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Aubrey de Grey: The Economics of Immortality
Aubrey de Grey   Feb 15, 2012   Big Think  

Radical life extension would impact the economics of society. Aubrey de Grey explains why he is optimistic that the economy would adapt well to the new paradigm of human immortality.




COMMENTS
End of life costs are very high, but that is mostly because we are so afraid of death. We are unwilling to allow people to die even when it is clear that they are going to die whatever we do.

Eliminating death will eliminate those costs, but Aubrey is assuming that the cost of the aging reversal process will not itself be as costly. I suspect that since it will depend on new technology that it will be very costly initially and not give us an immediate savings in health care.

There is also the problem of the changing nature of employment. There are going to be fewer jobs and more competition for ways of maintaining or increase standards of living. It is an increased standard of living that will bring down the birth rate, not an longer life. While we are working on the goal of eliminating aging, we must also work on eliminating poverty so the global population will be dropping as life spans increase.

There is also the fact that while we don't yet have the technology to eliminate aging, we have the technology and resources to eliminate poverty. A smaller, healthier population will have more free resources to put into the initially expensive task of offering longer life spans to everyone, and not just those who can afford it.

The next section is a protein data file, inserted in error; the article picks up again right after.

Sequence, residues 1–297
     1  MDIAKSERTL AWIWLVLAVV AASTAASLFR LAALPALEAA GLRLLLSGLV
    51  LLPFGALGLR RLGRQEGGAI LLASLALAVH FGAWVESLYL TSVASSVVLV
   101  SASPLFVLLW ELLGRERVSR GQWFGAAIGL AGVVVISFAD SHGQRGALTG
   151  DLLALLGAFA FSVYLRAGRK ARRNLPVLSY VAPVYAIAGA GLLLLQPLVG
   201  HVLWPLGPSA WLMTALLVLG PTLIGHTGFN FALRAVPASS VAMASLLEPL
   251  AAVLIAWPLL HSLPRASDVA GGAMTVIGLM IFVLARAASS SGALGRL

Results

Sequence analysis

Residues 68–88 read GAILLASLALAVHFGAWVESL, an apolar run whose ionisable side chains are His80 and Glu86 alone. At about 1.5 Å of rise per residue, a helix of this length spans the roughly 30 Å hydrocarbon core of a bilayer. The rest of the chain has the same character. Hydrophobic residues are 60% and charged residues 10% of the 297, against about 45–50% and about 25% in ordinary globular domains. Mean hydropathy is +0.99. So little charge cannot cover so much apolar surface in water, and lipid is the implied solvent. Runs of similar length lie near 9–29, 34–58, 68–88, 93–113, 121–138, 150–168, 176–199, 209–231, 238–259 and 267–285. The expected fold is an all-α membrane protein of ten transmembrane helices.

I've been studying life extension daily for about 7 years now and I am well aware the process can indeed be changed. I think the biggest push back to allowing any serious life extending technology out to the public will be from the many industries who make a living of age related diseases and death itself.

Increasing the life span of humans will also increase the amount of learning capacity per person which would then exponentially excel the human race in combined knowledge collaboration or make us even worse - only time will tell...one would hope it would increase our ethical reasoning ability as well.

It will be a very long time (but someday) before industry permit any powerful life extending treatment to go out to all the masses - only those who have the knowledge and/or connections would likely access it. There would also be protests from the various religious communities - but I won't go into that. (-:

Keep up the good work Aubrey
I believe life extension would be a good thing in the long run but there could also be special cases where it will cause problems. The late Christopher Hitchens made a comment to the effect that at least in places such as North Korea people can escape by dying at least. What is to be done however, when (a) you keep living in a tyranny and (b) the tyrant and his family don't die and offer the possibility of political change?
Sometimes I feel like losing my will to live when I think about how boring I am to my friends. I was born in 1940 and if I did live forever (or even another 20 years) my dear friends both old & young would probably die of boredom if they got too involved with my lifestyle. As my own age-group friends die off it only leaves me to seek the company of younger people who find me very boring indeed. I would hate to bore my young friends to death and conversely I find people older than me are TOO BORING !!!
Wow, Brently. You do seem boring.

Luckily, myself and most people I know are interesting enough to keep living.
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